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Proceedings Paper

Utility of birefringence changes due to collagen thermal denaturation rate process analysis: vessel wall temperature estimation for new short term heating balloon angioplasty
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Paper Abstract

Our photo thermal reaction heating architecture balloon realizes less than 10 s short term heating that can soften vessel wall collagen without damaging surrounding tissue thermally. New thermal balloon angioplasty, photo-thermo dynamic balloon angioplasty (PTDBA) has experimentally shown sufficient opening with 2 atm low pressure dilation and prevention of chronic phase restenosis and acute phase thrombus in vivo. Even though PTDBA has high therapeutic potential, the most efficient heating condition is still under study, because relationship of treatment and thermal dose to vessel wall is not clarified yet. To study and set the most efficient heating condition, we have been working on establishment of temperature history estimation method from our previous experimental results. Heating target of PTDBA, collagen, thermally denatures following rate process. Denaturation is able to be quantified with measured collagen birefringence value. To express the denaturation with equation of rate process, the following ex vivo experiments were performed. Porcine extracted carotid artery was soaked in two different temperature saline baths to enforce constant temperature heating. Higher temperature bath was set to 40 to 80 degree Celsius and soaking duration was 5 to 40 s. Samples were observed by a polarizing microscope and a scanning electron microscope. The birefringence was measured by polarizing microscopic system using Brace-Koehler compensator 1/30 wavelength. The measured birefringence showed temperature dependency and quite fit with the rate process equation. We think vessel wall temperature is able to be estimated using the birefringence changes due to thermal denaturation.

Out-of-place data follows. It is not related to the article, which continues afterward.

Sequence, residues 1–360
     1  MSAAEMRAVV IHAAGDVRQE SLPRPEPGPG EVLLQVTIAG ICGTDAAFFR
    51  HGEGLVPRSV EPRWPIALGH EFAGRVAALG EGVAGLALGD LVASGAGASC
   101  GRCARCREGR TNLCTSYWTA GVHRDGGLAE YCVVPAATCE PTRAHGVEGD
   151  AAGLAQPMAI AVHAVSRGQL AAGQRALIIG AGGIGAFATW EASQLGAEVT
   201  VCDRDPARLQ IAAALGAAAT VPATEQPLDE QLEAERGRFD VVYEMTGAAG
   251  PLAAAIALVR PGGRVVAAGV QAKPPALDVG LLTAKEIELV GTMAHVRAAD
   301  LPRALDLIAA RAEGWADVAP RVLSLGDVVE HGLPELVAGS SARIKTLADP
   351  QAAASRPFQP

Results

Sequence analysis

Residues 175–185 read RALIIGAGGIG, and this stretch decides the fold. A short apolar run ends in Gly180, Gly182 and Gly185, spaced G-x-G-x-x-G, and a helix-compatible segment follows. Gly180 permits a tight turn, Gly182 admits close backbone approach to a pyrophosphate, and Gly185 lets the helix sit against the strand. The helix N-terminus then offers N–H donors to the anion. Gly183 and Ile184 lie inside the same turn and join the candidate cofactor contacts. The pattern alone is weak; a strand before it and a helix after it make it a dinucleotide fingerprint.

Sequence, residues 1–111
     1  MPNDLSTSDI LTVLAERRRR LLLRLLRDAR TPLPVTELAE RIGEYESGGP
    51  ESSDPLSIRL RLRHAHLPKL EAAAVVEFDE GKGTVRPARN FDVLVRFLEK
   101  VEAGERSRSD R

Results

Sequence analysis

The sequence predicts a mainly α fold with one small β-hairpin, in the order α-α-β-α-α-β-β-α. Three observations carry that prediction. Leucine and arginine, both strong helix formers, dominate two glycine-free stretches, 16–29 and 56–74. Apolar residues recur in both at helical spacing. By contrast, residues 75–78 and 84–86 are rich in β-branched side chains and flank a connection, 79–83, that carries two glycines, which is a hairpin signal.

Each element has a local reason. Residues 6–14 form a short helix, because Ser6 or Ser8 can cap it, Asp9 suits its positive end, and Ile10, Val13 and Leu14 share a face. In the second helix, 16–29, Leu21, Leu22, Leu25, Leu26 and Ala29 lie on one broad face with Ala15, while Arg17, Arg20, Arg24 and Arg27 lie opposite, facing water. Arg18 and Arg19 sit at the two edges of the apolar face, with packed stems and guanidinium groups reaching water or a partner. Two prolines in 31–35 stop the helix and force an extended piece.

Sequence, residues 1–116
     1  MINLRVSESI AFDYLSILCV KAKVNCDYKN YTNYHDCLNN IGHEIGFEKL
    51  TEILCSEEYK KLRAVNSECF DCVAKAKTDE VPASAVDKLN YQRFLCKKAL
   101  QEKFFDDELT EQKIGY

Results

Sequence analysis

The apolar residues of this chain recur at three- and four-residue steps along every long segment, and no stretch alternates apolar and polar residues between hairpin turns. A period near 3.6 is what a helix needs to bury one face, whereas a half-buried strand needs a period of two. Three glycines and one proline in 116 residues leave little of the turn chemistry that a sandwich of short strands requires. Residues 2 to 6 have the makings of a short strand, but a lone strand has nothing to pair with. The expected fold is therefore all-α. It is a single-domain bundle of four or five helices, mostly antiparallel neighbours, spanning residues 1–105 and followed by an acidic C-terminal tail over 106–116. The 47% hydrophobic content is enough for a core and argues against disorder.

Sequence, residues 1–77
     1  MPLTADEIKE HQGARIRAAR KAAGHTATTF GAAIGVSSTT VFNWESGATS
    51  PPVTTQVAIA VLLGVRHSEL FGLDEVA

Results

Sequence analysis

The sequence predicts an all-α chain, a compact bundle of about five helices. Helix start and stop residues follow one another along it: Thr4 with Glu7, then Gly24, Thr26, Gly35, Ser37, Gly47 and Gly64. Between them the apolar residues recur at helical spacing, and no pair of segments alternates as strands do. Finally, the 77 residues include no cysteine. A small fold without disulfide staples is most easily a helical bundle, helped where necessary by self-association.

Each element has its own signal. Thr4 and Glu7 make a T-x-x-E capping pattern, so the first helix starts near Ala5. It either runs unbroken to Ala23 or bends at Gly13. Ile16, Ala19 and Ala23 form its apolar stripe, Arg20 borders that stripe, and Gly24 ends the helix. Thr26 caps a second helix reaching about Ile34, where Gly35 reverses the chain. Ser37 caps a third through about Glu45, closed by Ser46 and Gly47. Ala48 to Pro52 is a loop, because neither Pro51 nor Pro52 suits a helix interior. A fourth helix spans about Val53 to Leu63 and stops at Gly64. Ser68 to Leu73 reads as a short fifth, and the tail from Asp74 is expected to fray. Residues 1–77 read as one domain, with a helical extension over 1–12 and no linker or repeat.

Paper Details

Date Published: 6 February 2007
PDF: 6 pages
Proc. SPIE 6435, Optical Interactions with Tissue and Cells XVIII, 64350F (6 February 2007); doi: 10.1117/12.699962
Show Author Affiliations
Kenji Kaneko, Keio Univ. (Japan)
Natsumi Shimazaki, Keio Univ. (Japan)
Maya Gotoh, Keio Univ. (Japan)
Eriko Nakatani, Keio Univ. (Japan)
Tsunenori Arai, Keio Univ. (Japan)


Published in SPIE Proceedings Vol. 6435:
Optical Interactions with Tissue and Cells XVIII
Steven L. Jacques; William P. Roach, Editor(s)

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